Leave undisturbed for the remainder of the bulk ferment (2-4 hours).
    The bulk ferment starts as soon as the starter is added to the dough & will take anywhere from 4-10 hours (depending on room temperature, dough hydration & flour used).
    When the dough has finished fermenting, it will have increased in volume by roughly 20-30%, the top will be domed & you will see lots of tiny bubbles in the dough.
  • Once the bulk ferment has finished, gently tip the dough out onto a clean work surface, with the help of a dough scraper.
  • Using a metal bench knife & a hand dipped in water, gently work the dough into a round shape. (Don’t shape it too tightly as this could damage the gluten in the dough.) Dust the top of the dough with rice flour & leave to rest for 20 minutes.
  • Lightly dust a banneton with rice flour.
    Using a bench knife, gently loosen the dough from the work surface then carefully flip the dough over.
    Pull the bottom side of the dough up & fold it into the middle. Press down lightly to make sure the dough has stuck (press down lightly with every fold).
    Now take the left side, stretch it slightly & fold it roughly ¾ to the right.
    Next, stretch the right side slightly & fold over the left side.
    Take the top side, stretch it away from you then fold it into the centre of the dough.
    Now “stitch” the sourdough. Starting at the top, pinch a small amount of dough from both the left & right sides. Fold the dough from the right side over the centre, followed by the left side. Repeat this process in the middle section of dough then the bottom section. (Imagine the pattern of a laced up shoe).
    Finally, starting from the bottom to the top, carefully roll the dough over itself. Use a bench knife to gently pull the shaped dough towards you, dragging the bottom of the dough on the work surface. This seals the underneath & helps create tension.
    Dust the surface of the dough with rice flour, turn the dough upside down (so that the dough is seam side up) & place into the banneton.
  • Cover the top of the banneton with clingfilm & place into a fridge for 12-15 hours.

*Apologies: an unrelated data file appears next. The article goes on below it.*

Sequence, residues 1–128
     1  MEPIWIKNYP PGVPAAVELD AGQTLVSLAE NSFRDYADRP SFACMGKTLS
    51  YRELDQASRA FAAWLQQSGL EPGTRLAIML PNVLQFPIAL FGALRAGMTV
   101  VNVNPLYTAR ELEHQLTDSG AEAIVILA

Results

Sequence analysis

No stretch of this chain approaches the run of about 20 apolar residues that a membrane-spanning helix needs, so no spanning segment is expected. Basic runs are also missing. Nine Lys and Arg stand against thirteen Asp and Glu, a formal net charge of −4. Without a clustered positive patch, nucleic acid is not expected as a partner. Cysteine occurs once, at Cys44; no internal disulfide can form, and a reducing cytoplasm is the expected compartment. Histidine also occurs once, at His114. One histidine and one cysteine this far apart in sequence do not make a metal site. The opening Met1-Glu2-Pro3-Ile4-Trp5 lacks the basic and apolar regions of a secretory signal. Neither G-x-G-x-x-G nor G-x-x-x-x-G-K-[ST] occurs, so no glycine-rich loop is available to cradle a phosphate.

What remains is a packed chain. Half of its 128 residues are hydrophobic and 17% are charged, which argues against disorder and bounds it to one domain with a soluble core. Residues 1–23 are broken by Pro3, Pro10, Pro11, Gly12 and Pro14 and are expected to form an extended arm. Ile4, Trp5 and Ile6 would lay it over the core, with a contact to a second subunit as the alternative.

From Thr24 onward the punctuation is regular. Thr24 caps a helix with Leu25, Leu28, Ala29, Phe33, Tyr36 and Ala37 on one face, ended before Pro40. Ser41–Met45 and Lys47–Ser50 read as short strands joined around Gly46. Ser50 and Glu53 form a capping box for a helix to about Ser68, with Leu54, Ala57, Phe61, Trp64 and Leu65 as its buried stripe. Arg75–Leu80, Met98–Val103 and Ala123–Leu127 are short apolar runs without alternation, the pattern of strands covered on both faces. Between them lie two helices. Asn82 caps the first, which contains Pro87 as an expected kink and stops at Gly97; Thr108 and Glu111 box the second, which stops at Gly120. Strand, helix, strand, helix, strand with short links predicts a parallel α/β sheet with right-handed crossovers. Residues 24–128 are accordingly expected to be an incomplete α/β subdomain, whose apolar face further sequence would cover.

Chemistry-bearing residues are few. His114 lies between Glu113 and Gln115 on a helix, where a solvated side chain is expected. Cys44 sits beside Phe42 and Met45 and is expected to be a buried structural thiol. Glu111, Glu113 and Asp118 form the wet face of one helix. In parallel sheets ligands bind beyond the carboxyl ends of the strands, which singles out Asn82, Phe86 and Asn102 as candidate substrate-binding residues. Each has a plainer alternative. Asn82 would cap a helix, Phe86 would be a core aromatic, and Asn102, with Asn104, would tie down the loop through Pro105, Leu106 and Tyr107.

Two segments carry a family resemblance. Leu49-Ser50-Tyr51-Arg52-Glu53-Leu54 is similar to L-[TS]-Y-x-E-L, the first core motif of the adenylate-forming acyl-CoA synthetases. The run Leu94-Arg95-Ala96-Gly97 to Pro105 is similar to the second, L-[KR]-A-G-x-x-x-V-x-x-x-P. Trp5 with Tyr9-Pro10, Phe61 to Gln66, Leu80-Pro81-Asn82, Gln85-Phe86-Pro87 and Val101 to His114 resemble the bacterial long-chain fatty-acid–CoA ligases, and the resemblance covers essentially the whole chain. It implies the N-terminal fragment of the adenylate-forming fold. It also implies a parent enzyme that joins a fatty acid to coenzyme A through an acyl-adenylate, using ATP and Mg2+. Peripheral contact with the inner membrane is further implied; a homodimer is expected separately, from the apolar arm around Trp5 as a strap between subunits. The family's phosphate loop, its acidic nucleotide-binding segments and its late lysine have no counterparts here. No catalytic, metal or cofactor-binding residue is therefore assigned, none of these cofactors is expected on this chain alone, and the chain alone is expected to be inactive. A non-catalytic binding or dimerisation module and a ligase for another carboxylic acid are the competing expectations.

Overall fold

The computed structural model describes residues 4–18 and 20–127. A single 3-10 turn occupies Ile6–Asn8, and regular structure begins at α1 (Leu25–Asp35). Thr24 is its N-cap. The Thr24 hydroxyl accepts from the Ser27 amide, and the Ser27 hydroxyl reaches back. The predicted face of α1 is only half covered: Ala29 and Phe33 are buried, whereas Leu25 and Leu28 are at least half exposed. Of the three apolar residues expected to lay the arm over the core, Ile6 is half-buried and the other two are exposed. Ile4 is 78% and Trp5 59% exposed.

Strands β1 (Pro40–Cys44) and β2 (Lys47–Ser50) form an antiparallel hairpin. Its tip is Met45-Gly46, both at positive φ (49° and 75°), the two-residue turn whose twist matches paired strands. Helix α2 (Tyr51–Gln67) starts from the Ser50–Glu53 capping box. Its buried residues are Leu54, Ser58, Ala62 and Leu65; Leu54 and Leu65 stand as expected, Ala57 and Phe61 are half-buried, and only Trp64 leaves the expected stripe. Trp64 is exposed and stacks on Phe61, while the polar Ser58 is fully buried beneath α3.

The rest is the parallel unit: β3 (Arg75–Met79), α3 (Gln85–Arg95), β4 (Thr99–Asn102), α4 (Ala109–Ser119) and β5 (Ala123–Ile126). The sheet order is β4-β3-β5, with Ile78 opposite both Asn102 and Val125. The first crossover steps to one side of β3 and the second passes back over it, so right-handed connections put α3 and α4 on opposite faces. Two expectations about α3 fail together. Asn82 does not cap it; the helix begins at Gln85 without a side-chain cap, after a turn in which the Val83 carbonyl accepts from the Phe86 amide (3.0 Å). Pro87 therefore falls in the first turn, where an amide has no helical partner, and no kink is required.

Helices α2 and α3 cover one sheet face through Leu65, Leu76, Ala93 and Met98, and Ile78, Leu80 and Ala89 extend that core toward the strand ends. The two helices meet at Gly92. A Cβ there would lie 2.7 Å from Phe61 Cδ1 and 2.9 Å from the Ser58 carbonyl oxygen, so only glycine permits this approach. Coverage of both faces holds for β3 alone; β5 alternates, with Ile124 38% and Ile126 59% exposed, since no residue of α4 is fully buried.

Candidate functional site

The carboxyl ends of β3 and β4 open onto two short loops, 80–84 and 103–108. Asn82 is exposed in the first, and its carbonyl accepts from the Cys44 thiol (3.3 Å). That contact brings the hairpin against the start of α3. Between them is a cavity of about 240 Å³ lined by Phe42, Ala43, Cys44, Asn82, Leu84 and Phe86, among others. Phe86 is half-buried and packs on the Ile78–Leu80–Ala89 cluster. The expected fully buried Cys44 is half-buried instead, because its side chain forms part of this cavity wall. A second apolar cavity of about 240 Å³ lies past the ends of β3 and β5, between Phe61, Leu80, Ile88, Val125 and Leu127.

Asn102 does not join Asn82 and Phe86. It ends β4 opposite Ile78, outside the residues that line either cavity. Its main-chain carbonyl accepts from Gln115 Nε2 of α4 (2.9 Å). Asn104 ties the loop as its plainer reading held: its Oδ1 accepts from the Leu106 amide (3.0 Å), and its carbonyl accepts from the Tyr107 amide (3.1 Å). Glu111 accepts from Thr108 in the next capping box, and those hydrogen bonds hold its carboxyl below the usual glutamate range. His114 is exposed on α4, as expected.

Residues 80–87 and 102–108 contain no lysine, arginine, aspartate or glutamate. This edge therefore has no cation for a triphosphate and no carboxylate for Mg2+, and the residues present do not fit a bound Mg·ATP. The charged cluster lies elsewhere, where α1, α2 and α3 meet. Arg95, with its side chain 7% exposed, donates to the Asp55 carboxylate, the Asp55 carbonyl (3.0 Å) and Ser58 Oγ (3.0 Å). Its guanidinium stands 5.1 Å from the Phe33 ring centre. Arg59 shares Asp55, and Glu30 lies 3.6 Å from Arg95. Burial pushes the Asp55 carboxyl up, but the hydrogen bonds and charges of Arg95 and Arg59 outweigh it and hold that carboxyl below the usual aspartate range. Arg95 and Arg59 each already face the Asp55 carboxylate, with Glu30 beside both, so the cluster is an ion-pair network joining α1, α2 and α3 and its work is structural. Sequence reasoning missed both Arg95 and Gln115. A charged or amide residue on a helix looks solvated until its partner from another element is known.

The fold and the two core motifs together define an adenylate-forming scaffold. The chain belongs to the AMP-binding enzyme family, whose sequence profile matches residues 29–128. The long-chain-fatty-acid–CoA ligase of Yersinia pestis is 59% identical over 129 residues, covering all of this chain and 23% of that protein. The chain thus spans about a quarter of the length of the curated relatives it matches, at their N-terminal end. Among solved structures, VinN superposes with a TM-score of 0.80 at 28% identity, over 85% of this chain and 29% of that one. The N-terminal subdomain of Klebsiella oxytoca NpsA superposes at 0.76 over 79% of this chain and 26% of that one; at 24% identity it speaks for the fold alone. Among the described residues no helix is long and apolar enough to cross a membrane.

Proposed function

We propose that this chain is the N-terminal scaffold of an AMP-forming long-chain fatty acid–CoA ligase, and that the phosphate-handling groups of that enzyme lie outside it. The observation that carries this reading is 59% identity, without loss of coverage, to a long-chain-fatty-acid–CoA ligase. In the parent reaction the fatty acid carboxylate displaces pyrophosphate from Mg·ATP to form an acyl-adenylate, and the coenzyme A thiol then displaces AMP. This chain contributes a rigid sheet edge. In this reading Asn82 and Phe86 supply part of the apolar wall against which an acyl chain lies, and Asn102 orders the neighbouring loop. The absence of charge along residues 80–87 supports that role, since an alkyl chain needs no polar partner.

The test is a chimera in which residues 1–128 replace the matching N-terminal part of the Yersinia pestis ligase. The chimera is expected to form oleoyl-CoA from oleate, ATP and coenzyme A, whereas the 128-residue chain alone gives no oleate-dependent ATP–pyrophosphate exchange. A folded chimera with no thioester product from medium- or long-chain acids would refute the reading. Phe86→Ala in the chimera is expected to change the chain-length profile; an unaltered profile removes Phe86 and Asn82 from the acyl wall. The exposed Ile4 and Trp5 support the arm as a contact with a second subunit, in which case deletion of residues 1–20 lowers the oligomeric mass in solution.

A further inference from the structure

The longer the dough is left in the fridge, the more sour the final loaf will be.
  • Place your casserole dish or Dutch oven into your oven & preheat to 230°c for 1 hour.
    The casserole dish I use can be used upside down so that the dough sits on the lid & the casserole dish itself acts as a lid. This means there’s plenty of room for oven spring.
    Whilst your oven is preheating, place the banneton with the dough in into a freezer.
  • Remove the banneton from the freezer. Place your prepared piece of parchment over the top of the banneton then a chopping board/flat tray. Flip the banneton/chopping board over so that the dough is now sat seam side down on the parchment.
    To score the dough, hold the lame so that the razor is at an angle to the dough. Between 30° & 45°. Starting at the top end of the dough, slash the dough all the way to the bottom end. The score should be off centre to the right & at least 1cm deep. For best results, try to score in one cut. Dipping the razor in water before scoring helps produce a clean cut.
    Using the parchment, slide the dough into the preheated casserole dish. Spray generously with cold water & place the lid on the dish.
  • Bake in the preheated oven, covered for 25 minutes then remove the lid & bake for a further 20-25 minutes, until the loaf is a deep, brown colour. For the best flavour, the dough should be fairly dark but not burnt.
  • Transfer the dough to a wire rack & leave to cool completely before slicing. This will take a couple of hours.

Notes

Cooking In An Aga.

Place your Dutch oven/ casserole dish onto the grid shelf which is on the floor of the roasting oven. Cook as above.
Left in an airtight container, sourdough bread will last for several days.
The full details for each step can be found in the post above.
The flours that I use are Canadian flours from Shipton Mill. Most strong bread flours will work though.